Alan Turing: A Genius in Cryptanalysis

Almost all of us have heard of the great Alan Turing. He was the man behind the formalization of the concepts of algorithm and computer science. He provided the concept of what a general purpose computer is supposed to be composed of in the form of a model that is now known as the Turing machine. So great was he that Alan Turing is regarded by most people as the father of artificial intelligence and theoretical computer science.

Even as a child, Turing showed a natural talent in the field of science and mathematics. He knew his way around numerous problems and displayed a deep understanding and analysis of the calculations despite having no background about them. He was always at the top of his class from elementary all the way to his college days.

In 1931, Turing chanced upon the work of Kurt Gödel on the limits of computation. He challenged the then-accepted universal arithmetic formal language and replaced it with a simpler concept that is the Turing machine. He believed that a machine’s ability to compute is never limited. Instead, these devices will be able to solve any problem as long as the instructions and computations are presented using algorithms. His theory paved the way for the concept of a universal machine and the beginning of the foundations of computation.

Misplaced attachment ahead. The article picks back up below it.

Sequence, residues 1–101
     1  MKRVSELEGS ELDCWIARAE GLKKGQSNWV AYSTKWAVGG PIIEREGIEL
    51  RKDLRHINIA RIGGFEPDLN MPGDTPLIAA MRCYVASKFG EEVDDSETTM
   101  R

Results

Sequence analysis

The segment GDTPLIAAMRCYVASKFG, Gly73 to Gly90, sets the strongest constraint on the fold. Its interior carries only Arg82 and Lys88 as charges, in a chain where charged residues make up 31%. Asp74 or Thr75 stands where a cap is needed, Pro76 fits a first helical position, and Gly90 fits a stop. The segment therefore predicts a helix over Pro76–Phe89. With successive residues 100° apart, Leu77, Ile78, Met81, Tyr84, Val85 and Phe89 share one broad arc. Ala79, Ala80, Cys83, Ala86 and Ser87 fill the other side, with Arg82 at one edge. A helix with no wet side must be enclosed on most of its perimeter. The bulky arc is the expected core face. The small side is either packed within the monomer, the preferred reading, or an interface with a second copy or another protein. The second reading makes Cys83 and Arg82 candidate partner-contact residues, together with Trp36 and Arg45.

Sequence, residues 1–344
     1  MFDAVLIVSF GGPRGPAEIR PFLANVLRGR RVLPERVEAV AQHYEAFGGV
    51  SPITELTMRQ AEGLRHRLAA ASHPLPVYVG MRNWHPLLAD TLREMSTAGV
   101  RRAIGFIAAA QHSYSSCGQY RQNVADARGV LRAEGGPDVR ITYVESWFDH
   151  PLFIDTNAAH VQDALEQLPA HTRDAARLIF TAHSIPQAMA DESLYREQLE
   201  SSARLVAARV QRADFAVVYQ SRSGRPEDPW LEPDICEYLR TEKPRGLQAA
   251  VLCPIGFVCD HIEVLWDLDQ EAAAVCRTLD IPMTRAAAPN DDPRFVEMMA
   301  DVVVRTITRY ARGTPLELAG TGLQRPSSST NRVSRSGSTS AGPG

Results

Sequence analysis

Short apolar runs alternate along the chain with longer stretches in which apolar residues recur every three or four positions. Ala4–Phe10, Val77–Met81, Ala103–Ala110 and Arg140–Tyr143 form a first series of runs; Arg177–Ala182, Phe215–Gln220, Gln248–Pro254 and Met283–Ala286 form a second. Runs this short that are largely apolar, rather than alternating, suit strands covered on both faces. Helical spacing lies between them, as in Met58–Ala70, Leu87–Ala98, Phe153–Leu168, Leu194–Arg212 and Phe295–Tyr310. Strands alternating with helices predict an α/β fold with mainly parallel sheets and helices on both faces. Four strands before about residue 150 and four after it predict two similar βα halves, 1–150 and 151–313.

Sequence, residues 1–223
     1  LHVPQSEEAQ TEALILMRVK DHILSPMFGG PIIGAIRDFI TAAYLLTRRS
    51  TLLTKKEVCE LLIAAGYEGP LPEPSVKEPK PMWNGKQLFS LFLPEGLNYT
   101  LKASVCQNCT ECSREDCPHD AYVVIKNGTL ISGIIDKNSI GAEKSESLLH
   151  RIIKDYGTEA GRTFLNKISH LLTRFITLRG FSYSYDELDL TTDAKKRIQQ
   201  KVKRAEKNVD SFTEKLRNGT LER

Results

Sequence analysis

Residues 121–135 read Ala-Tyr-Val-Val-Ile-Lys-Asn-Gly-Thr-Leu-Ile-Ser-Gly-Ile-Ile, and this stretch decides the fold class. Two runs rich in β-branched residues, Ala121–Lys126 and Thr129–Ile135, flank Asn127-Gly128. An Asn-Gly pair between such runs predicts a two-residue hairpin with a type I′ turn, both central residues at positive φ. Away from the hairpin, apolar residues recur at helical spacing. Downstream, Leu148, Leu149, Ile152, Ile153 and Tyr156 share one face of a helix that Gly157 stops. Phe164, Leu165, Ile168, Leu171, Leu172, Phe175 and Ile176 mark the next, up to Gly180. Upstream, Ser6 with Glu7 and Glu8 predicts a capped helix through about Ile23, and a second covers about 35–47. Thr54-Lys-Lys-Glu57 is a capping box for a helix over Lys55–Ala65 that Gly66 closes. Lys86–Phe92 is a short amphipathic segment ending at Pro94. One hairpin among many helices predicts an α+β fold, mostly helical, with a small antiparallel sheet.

During World War II, Turing once again proved his mathematical and analytical flair when he decrypted the German ciphers. Back then, the Nazis have been using the Enigma machine to encode their messages and the Allies are at a loss as to how to uncover the real messages. Turing worked on studying the wiring of the Enigma machine. He used the crib-based approach on decryption until finally, a breakthrough was made. He was able to specify how the rotors moved which led him to replicate it into decrypting the codes. His specifications led to the development of the bombe. This achievement led the Allies to intercept many of the messages and gave them the upper hand during the war.

But Turing’s accomplishments did not end there. He continued to work for the government, lending them a hand at cryptanalysis. He developed the voice scrambler, realized how the German navy made use of their indicators, penned down the procedure used in the setting of the Tunny and formulated the system as to how they can optimize the use of bombes.


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